Regulators at Norway’s state labour authority Arbeidstilsynet have uncovered several violations of the law at Norway’s biggest bank, DNB. An investigation into claims of excessive time on the job by Indian consultants hired in from Tata Consultancy Services found that they’ve been working far too many hours a day and, in some cases, three weeks in a row without a single day off.
“The report from Arbeidstilsynet shows that some consultants from our supplier have worked too much and too many days in a row,” confirmed Even Westerveld, spokesman for DNB. “We are of course not satisfied with that.”
Norwegian Broadcasting (NRK) reported earlier this summer that DNB employees and union officials had expressed concern that the Indian consultants were almost always at work at DNB’s Oslo headquarters building at Bjørvika, from early in the morning to late at night and also on weekends and holidays. The consultants sent to DNB by Tata have been working on DNB’s new mobile payment system called Vipps.
NRK also reported that two major trade union federations in Norway had received tips about illegal working conditions tied to DNB’s Vipps project. Authorities were alerted and in July, state labour regulators launched an investigation, questioning both the workers and management at DNB and Tata.
Both DNB and Tata claimed they were following the law, but Arbeidstilsynet found that Norwegian regulations were broken regarding overtime, the amount of hours employees can legally work during both seven-day and eight-week periods.
The authorities also reacted negatively to findings that the Indian workers were often on the job at night and on weekends, without any evidence that such overtime was necessary. Norway has strict laws regarding when or even whether employees in Norway can work on Sundays and holidays.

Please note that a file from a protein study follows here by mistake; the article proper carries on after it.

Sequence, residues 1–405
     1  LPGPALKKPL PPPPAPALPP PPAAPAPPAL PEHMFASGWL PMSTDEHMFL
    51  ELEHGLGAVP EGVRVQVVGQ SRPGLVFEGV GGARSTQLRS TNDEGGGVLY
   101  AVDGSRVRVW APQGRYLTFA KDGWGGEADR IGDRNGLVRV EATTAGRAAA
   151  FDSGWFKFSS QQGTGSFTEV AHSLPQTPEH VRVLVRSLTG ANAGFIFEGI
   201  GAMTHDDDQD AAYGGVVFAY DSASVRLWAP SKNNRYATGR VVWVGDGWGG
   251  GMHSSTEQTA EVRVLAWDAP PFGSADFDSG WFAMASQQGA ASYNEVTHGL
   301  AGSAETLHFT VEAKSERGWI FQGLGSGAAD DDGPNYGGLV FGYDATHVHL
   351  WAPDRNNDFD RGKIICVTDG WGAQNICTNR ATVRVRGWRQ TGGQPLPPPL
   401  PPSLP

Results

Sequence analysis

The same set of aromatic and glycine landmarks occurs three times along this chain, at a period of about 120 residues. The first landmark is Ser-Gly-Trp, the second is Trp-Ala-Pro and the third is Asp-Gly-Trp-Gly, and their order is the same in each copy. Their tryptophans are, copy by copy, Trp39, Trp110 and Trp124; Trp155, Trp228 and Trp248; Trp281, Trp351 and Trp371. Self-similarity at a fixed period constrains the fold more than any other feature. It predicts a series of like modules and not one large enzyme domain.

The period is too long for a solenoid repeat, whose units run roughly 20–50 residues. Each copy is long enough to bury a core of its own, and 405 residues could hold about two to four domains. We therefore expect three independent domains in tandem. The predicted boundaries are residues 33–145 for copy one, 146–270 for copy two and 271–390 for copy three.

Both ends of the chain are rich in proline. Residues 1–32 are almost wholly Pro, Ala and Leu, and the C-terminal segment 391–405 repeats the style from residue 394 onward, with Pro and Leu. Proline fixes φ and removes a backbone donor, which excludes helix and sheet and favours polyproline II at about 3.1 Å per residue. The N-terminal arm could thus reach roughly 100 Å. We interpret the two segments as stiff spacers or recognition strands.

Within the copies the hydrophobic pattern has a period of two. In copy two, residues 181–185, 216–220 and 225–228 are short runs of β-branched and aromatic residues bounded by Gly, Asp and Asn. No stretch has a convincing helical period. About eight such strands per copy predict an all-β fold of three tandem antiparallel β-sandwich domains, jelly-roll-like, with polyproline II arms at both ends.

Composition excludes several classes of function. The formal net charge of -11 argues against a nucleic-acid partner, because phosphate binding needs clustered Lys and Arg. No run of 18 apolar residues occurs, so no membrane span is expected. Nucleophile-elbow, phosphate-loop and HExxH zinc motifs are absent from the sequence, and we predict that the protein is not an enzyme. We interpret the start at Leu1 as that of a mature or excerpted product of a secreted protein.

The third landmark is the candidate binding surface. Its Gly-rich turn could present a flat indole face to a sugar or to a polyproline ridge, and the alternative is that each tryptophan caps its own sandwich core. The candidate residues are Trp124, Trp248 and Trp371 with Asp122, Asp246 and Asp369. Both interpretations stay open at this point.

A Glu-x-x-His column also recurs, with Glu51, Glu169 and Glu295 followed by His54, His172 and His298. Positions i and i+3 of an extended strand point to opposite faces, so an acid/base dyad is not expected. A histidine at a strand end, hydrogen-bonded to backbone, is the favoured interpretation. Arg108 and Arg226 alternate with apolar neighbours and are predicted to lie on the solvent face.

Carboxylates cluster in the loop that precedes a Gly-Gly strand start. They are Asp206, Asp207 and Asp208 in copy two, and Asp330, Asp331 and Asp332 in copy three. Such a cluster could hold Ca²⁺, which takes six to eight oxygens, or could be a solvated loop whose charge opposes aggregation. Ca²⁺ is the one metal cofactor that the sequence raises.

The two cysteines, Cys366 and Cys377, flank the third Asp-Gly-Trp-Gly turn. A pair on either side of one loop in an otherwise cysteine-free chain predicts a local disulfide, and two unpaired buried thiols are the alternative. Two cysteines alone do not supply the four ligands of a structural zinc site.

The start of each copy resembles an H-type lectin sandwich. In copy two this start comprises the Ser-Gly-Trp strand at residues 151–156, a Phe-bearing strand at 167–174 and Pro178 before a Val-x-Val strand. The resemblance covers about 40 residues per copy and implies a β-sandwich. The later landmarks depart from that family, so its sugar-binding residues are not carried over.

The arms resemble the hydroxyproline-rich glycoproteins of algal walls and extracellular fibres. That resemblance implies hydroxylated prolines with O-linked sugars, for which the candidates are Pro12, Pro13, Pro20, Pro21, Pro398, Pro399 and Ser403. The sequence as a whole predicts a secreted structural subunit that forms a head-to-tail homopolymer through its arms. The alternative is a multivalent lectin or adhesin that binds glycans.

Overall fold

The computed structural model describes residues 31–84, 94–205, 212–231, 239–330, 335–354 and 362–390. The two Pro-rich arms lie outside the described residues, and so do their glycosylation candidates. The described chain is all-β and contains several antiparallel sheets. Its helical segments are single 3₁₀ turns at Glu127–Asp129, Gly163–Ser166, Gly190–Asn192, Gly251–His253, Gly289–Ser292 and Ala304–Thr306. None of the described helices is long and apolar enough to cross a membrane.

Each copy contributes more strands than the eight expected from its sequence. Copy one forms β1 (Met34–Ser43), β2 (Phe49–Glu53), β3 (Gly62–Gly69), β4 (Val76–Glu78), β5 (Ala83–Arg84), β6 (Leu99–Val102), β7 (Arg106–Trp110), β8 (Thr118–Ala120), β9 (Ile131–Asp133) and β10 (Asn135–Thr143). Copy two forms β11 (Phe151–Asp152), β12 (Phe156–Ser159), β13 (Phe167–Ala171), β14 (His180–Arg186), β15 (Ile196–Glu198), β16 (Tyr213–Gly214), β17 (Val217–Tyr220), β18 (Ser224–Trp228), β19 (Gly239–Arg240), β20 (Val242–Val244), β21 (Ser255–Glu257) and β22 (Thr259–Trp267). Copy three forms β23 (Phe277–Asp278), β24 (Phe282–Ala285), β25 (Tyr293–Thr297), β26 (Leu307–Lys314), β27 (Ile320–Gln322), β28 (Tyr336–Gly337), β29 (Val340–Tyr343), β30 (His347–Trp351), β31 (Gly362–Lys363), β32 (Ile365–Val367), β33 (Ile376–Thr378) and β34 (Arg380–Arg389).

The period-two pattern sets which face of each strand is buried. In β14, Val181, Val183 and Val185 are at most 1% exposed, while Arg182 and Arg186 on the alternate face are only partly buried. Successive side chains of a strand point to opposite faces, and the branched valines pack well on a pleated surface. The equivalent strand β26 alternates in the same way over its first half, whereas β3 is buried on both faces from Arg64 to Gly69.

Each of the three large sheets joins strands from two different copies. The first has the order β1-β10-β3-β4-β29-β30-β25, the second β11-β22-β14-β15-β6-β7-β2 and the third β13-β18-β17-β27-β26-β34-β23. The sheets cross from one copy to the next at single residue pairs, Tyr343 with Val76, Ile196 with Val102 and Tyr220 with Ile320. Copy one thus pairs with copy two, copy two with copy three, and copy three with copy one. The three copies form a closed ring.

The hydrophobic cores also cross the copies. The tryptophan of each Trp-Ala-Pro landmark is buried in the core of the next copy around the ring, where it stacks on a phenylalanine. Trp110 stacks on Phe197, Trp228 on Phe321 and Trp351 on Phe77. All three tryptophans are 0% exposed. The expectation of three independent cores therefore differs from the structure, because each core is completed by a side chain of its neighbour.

While some labour union officials claim DNB has thus engaged in social dumping, Westerveld downplayed the violations. He noted that the violations themselves were not nearly as extensive as those reported by NRK earlier this summer. NRK had reported that some consultants were routinely working 14- to 16-hour days.
The authorities criticized DNB, however, for failing to use its building entry system to regulate when individual workers arrived and left their offices. “That’s not so simple,” Westerveld claimed. DNB was also cited for failing to deliver information on when the Indian consultants logged in and out of DNB’s data systems.
Tata also criticized
NRK reported that the regulators criticized Tata’s system that seemed to prevent its consultants from registering the hours they actually worked, while those on duty in case of emergencies such as a technical breakdown of the Vipps system did not receive extra compensation. Tata officials, who earlier have denied that their workers were being exploited, have claimed that their consultants brought to Norway from India were eager to prove themselves by working hard. Most of them are young men with little social life outside of work, it was argued, so they often chose to spend most of their time in Oslo at DNB’s offices.
Vikramjit Grewal, chief executive of Tata in Norway, said Tata was taking the regulators’ report seriously and the report has “our full attention.” He said Tata was in the midst of introducing new measures to address the problems, including more training for Tata’s own leaders.
The regulators’ work is not over yet, as they also raised questions over DNB’s own responsibility, in addition to Tata’s, to be on guard against labour violations. More meetings, also about allegations of a culture of fear among workers, will be held while the authorities also evaluate how they will react to the violations.
Labour officials in Norway said they were not surprised by the findings of labour law violations, but concerned that they have occurred at DNB, which is partially state-owned. “The sum of all this is serious violations of most labour regulations,” Jan Ove Andersen of the El og IT trade union federation. Noting that the regulators are also looking into alleged violations by Tata at other large Norwegian companies, Andersen said it was “unsettling” that “the big firms who have used this company (Tata) are surprised that violations could have occurred.”